A Taxing Consideration: Choosing a Business Structure (Sole Proprietorship)
When people are starting a business, they are often very confused and overwhelmed as to how to choose an entity, or even whether they need one. Many entrepreneurs understand corporations or LLCs can limit legal liability, but they don’t know there can be very different tax implications. The only entities which provide limited liability to owners (with respect to both tort and contract liability) are S corporations, C corporations, and limited liability companies. Before selecting the entity, it is essential to review the tax implications, as well as the legal ones.
In a series of blog posts, I will discuss the various available entities (sole proprietorship, partnership, limited liability company, C-corporation and S-corporation) and some tax issues associated with each.
Many entrepreneurs start their businesses as sole proprietorship's, where they simply go into business. They may have a web site, business cards and even office space, but the owner and the business are the same legally. This is certainly the simplest way to begin. There are no formalities required. The downside is that all of the owner’s assets can be at risk in a worst-case scenario. Good form contracts and good insurance can reduce many of the business risks.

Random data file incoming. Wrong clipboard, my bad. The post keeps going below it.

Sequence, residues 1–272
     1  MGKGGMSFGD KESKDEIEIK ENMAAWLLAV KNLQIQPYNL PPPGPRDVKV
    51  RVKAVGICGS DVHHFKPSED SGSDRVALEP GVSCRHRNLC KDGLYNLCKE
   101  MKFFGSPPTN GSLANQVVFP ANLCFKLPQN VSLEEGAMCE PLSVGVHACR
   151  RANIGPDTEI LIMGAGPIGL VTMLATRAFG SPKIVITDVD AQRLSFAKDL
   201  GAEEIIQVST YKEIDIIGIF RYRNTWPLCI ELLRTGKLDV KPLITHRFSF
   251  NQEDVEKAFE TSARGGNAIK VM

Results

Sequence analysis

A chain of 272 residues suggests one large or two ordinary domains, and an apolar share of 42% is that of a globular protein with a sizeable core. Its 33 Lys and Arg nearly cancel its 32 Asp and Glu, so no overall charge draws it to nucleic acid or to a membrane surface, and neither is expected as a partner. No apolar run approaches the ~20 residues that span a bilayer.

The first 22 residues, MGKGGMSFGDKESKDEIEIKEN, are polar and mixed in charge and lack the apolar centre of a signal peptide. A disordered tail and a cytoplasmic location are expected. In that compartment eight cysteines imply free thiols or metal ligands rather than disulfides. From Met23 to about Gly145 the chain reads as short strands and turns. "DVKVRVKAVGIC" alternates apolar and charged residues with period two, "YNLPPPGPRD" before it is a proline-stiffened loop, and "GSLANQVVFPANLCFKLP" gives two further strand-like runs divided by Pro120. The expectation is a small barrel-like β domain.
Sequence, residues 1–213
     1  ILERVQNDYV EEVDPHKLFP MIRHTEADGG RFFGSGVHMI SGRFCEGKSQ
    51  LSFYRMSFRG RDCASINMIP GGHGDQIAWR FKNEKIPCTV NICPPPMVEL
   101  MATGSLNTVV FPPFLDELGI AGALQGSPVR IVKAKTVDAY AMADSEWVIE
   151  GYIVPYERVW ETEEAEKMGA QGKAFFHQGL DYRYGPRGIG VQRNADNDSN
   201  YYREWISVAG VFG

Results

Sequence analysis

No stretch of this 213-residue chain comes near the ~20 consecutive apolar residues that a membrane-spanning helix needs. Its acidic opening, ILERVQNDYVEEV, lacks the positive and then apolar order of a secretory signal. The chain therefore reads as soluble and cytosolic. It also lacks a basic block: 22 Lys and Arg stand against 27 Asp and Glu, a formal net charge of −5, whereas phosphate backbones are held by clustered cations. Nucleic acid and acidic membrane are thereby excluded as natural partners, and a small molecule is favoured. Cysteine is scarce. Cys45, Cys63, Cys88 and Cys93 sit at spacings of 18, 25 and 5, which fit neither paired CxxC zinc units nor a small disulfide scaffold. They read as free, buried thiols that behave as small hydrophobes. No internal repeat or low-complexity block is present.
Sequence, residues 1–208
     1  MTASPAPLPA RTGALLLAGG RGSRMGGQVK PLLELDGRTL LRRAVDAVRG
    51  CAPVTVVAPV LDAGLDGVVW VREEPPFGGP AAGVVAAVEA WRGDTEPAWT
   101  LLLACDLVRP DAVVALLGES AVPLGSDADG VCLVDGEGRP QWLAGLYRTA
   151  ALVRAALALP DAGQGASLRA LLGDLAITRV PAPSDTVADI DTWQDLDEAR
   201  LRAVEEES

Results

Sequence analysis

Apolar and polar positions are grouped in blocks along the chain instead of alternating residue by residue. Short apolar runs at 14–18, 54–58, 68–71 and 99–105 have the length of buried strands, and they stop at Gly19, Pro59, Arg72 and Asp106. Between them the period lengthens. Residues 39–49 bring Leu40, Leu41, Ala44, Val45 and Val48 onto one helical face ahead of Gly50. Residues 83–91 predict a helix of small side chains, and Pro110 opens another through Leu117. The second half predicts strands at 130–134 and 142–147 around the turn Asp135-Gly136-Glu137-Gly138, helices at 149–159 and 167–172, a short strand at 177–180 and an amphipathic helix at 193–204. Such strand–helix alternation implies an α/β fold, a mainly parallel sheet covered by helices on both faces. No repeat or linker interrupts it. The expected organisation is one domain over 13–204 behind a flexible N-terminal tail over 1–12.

From a tax perspective, the business profits are reported on the owner’s personal income tax filings, and the income will be taxed at the owner’s standard personal income rate. The owner must file form 1040, and 1040 ES Declaration of Estimated Tax For Individuals. The owner is responsible for paying self-employment taxes. There are many deductions available as well.
Once you hire employees, you should consider forming a limited liability entity to protect yourself from the acts of the employee. There may also be tax savings to forming an entity.